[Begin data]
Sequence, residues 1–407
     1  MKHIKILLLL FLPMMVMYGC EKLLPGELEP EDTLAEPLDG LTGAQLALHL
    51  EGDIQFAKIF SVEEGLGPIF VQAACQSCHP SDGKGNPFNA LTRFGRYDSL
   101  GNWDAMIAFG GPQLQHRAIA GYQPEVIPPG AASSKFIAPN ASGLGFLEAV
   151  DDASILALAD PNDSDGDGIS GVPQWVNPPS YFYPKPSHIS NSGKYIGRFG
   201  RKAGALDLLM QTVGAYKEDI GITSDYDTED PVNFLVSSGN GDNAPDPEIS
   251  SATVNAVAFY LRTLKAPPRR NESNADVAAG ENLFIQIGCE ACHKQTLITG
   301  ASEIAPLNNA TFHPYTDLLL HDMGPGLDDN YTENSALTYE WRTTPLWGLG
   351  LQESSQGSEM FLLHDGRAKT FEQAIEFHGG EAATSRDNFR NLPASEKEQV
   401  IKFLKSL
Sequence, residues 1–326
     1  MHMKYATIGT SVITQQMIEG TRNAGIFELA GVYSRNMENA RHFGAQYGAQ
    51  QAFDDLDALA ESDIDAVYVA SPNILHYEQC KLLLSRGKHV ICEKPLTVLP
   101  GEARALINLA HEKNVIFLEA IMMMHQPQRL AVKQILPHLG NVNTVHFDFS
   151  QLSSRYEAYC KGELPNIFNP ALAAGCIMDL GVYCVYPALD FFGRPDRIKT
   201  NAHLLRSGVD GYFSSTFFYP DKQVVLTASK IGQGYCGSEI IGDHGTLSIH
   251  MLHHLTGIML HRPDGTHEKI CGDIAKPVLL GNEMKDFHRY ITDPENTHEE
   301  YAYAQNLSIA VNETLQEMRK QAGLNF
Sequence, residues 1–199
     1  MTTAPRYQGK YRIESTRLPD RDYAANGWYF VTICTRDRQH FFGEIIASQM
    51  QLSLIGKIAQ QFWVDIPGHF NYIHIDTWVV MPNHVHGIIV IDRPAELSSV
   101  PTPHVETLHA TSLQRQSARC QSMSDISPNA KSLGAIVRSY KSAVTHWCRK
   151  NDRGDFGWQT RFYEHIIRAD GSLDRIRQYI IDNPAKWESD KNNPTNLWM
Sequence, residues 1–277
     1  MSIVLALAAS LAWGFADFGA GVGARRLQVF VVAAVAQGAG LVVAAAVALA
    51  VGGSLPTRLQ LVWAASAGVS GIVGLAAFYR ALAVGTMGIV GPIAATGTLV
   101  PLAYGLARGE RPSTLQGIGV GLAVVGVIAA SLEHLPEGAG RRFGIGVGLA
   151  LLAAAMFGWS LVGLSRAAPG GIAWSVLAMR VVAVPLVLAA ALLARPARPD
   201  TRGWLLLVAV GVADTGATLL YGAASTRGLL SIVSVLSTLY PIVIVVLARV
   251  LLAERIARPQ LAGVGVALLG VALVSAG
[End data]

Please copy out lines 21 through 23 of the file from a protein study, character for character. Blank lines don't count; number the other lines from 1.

    51  QLSLIGKIAQ QFWVDIPGHF NYIHIDTWVV MPNHVHGIIV IDRPAELSSV
   101  PTPHVETLHA TSLQRQSARC QSMSDISPNA KSLGAIVRSY KSAVTHWCRK
   151  NDRGDFGWQT RFYEHIIRAD GSLDRIRQYI IDNPAKWESD KNNPTNLWM